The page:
They celebrated when their lawyers destroyed Napster—although it would have been much smarter for them to take over control of the platform and run it themselves. But when Apple launched iTunes, they trembled, because Steve Jobs had even more lawyers on his payroll than they did. For two decades, they had put all their faith in lawsuits, and now they had encountered a company that wasn’t about to budge in the face of their threats.
So the labels capitulated. Totally. Online music wiped out the CD, and it happened with extraordinary speed—even before streaming, iTunes did most of the damage.
Even at this late stage, the major labels could still respond with an exciting new physical format for music (more on that below). But that would require vision, commitment, and investment—and the major labels have no capability of mobilizing those things in the new millennium.
I switched to streaming, like so many other music fans. But streaming, as I came to discover, was inferior to CDs in every regard except price. You don’t get liner notes, or photographs, or even decent track information. When I stream an album of contemporary classical music, I often struggle to learn the name of the composer. Or I’ll listen to a hot new jazz track, and have no way of learning the names of the musicians in the band. If I do a search for ‘new jazz’ on the platform, all I get are recordings with the words new and jazz in their titles.
I could go and on.
Many of these problems were obvious years ago, but still haven’t been fixed. It’s almost as if the people behind these streaming platforms don’t really care about music.
At first blush, that seems like an outrageous idea, but is it really? Just look at the people making all the key decision in streaming nowadays—very few of them have backgrounds in music or even come from the entertainment industry. Tech companies (Apple, Google, etc.) call all the shots, and the last thing they worry about is the music ecosystem, which they will happily pollute if they can sell more devices or advertising. Even Spotify, which makes almost all of its money from music, doesn’t like to be a called a music business—they proudly proclaim that they sell subscriptions, not music.
If you doubt it, just check out the “Business Description” in the company’s annual report. Do you see the word music anywhere?
That’s exactly the mindset that created a music distribution system incapable of telling you the name of the drummer, or the composer, or the singer, etc. etc. And if you push these people, and demand a richer experience, they tell you: We can’t tell you the name of the drummer, because it isn’t in the metadata.
Well, duh, then hire a few knowledgeable people, and let them add this information manually to your platform. I once ran a web platform called jazz.com, and with a tiny budget I published detailed personnel and background information on ten thousand jazz recordings over the course of just a few months. This isn’t an impossible task—in fact, it’s easily solved. And if Spotify doesn’t have the budget (hah!), they can crowdsource this effort from fans—who would love to help them fix this mess. But they have to care about the music, or the problem will never get solved.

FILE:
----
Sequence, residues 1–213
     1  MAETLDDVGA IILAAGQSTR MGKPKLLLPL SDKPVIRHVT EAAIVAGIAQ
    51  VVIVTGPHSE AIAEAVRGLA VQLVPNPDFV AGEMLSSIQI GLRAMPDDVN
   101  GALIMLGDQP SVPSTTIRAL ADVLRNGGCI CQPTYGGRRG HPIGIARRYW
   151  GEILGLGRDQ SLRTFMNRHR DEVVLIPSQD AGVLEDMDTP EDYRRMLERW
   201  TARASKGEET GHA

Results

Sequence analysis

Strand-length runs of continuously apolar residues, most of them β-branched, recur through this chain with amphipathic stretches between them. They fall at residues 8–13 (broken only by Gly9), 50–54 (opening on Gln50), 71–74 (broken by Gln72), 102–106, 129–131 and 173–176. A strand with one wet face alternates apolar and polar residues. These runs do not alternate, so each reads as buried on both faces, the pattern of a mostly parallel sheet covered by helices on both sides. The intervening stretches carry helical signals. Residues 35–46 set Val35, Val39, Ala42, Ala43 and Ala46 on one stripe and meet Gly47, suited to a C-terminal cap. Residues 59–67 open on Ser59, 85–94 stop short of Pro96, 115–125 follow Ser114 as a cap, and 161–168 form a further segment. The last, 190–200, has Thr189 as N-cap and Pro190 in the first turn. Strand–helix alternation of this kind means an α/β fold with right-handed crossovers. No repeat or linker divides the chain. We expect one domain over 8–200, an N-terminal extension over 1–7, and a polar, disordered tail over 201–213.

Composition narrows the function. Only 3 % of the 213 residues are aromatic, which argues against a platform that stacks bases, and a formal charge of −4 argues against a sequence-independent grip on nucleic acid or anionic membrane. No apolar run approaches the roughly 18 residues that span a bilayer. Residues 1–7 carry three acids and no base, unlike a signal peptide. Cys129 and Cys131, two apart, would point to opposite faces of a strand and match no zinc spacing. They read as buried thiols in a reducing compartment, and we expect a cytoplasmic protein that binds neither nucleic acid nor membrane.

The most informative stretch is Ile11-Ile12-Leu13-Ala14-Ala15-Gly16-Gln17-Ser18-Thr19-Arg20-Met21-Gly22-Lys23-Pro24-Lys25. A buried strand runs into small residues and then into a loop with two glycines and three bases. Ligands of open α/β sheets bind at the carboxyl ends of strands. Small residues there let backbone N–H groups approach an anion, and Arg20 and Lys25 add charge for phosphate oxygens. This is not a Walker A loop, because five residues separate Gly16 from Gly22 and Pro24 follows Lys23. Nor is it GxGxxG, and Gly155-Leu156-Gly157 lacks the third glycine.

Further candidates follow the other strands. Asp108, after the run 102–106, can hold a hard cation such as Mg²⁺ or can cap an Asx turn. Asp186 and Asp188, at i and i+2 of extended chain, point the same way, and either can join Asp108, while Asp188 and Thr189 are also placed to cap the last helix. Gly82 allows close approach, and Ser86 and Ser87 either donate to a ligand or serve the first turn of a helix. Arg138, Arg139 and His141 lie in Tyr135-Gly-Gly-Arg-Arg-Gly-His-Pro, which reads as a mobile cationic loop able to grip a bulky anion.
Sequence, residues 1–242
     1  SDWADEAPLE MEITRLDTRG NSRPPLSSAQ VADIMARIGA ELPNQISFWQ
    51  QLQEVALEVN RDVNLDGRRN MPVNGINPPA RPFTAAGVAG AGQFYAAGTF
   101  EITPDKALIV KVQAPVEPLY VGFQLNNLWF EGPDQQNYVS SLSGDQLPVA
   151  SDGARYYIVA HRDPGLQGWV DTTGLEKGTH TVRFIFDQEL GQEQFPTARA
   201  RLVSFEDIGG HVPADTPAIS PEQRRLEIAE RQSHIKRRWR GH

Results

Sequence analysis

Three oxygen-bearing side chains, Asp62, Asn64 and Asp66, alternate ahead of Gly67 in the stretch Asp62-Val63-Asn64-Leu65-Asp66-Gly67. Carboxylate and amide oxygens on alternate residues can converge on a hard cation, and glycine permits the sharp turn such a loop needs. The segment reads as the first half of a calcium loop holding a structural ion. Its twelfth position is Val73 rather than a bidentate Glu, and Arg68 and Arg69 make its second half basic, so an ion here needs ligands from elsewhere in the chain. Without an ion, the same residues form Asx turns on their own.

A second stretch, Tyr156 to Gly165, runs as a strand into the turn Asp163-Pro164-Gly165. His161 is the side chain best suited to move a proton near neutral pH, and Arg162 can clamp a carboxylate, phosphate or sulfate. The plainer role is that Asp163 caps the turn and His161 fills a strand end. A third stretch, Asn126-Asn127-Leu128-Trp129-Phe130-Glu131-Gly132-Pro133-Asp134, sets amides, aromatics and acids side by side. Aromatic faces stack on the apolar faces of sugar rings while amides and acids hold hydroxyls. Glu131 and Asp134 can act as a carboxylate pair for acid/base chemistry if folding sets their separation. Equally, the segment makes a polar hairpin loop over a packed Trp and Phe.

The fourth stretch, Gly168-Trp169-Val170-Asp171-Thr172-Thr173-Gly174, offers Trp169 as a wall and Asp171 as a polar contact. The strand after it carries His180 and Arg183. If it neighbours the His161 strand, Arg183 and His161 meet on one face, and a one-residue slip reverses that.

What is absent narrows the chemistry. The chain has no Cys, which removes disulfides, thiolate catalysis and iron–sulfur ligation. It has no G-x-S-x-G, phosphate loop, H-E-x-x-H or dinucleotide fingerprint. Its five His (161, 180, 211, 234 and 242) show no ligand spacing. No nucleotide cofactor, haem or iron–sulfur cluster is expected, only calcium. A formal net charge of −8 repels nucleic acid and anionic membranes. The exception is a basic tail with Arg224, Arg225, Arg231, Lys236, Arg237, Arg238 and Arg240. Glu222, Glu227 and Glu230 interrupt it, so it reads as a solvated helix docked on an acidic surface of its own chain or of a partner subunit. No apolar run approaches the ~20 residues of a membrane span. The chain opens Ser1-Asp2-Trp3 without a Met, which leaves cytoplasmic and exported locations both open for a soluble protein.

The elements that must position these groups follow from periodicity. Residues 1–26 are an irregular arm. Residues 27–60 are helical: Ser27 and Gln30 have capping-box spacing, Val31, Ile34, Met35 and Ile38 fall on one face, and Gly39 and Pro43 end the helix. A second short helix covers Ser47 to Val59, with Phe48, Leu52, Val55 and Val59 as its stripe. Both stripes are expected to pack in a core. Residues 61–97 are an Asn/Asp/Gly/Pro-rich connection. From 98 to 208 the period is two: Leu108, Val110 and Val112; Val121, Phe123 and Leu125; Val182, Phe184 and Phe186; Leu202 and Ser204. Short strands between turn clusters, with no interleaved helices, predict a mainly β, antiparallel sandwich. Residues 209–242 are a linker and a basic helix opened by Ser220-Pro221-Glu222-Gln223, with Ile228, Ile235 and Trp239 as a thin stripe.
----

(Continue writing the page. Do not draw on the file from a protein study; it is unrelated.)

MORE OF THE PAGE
This is one of the reasons why so many people have returned to vinyl. It’s simply a better format. I’ve made the plunge myself.
My wife gave me a modest turntable for my birthday—I’d hinted to her that this might be a welcome gift. A few days later, I made my first vinyl purchase in more than thirty years. The record was Handel’s Concerti Grossi, performed by Trevor Pinnock and the English Concert.
I placed the turntable near my easy chair, and put the needle into the groove of the LP—it’s been a long time since I’ve done that. A second of static, like an invocation, then the music began. I soon fell into a pleasant reverie.
It didn’t take long for me to decide to buy a few more records. Most of them so far have been classical music albums, supplemented by a few vintage jazz releases from the past. I can see that this will get to be a habit.
Clearly I’m not the only one who thinks this. Vinyl is the fastest growing segment of the music business—and it’s not even a close race.
But now that I’ve returned to LPs, I see all the foolish things the music industry is doing to discourage fans from participating in the vinyl revival. And that troubles me.
(1) First, I was shocked at the limited availability of even celebrated recordings—although the vinyl revival has now been happening for years. Most of the titles I want to buy simply aren’t available. And when I do find one for sale, it’s usually a secondhand album that’s more than 40 years old.
The main reason for this is the limited manufacturing capacity for vinyl albums, but that leads to the second music industry blunder.